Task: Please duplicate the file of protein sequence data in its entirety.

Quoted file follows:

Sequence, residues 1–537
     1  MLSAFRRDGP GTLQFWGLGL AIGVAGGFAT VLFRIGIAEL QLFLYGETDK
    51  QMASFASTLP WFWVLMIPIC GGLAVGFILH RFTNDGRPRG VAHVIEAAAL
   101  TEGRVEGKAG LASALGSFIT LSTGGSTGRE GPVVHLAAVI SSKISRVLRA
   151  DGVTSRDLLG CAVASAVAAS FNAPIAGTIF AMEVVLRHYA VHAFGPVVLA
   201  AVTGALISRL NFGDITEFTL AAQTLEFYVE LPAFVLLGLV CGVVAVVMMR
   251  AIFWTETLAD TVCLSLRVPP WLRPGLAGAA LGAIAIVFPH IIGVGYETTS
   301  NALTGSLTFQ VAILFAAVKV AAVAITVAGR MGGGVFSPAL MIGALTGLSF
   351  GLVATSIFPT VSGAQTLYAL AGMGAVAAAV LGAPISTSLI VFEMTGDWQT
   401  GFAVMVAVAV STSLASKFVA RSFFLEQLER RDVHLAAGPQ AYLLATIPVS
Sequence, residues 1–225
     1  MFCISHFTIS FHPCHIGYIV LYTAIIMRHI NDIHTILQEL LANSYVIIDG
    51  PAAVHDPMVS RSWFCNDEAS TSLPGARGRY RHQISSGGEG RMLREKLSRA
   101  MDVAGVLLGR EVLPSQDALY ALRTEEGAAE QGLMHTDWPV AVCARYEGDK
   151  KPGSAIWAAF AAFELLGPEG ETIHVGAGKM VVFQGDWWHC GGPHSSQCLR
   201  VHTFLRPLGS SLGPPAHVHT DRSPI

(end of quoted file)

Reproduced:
Sequence, residues 1–537
     1  MLSAFRRDGP GTLQFWGLGL AIGVAGGFAT VLFRIGIAEL QLFLYGETDK
    51  QMASFASTLP WFWVLMIPIC GGLAVGFILH RFTNDGRPRG VAHVIEAAAL
   101  TEGRVEGKAG LASALGSFIT LSTGGSTGRE GPVVHLAAVI SSKISRVLRA
   151  DGVTSRDLLG CAVASAVAAS FNAPIAGTIF AMEVVLRHYA VHAFGPVVLA
   201  AVTGALISRL NFGDITEFTL AAQTLEFYVE LPAFVLLGLV CGVVAVVMMR
   251  AIFWTETLAD TVCLSLRVPP WLRPGLAGAA LGAIAIVFPH IIGVGYETTS
   301  NALTGSLTFQ VAILFAAVKV AAVAITVAGR MGGGVFSPAL MIGALTGLSF
   351  GLVATSIFPT VSGAQTLYAL AGMGAVAAAV LGAPISTSLI VFEMTGDWQT
   401  GFAVMVAVAV STSLASKFVA RSFFLEQLER RDVHLAAGPQ AYLLATIPVS
Sequence, residues 1–225
     1  MFCISHFTIS FHPCHIGYIV LYTAIIMRHI NDIHTILQEL LANSYVIIDG
    51  PAAVHDPMVS RSWFCNDEAS TSLPGARGRY RHQISSGGEG RMLREKLSRA
   101  MDVAGVLLGR EVLPSQDALY ALRTEEGAAE QGLMHTDWPV AVCARYEGDK
   151  KPGSAIWAAF AAFELLGPEG ETIHVGAGKM VVFQGDWWHC GGPHSSQCLR
   201  VHTFLRPLGS SLGPPAHVHT DRSPI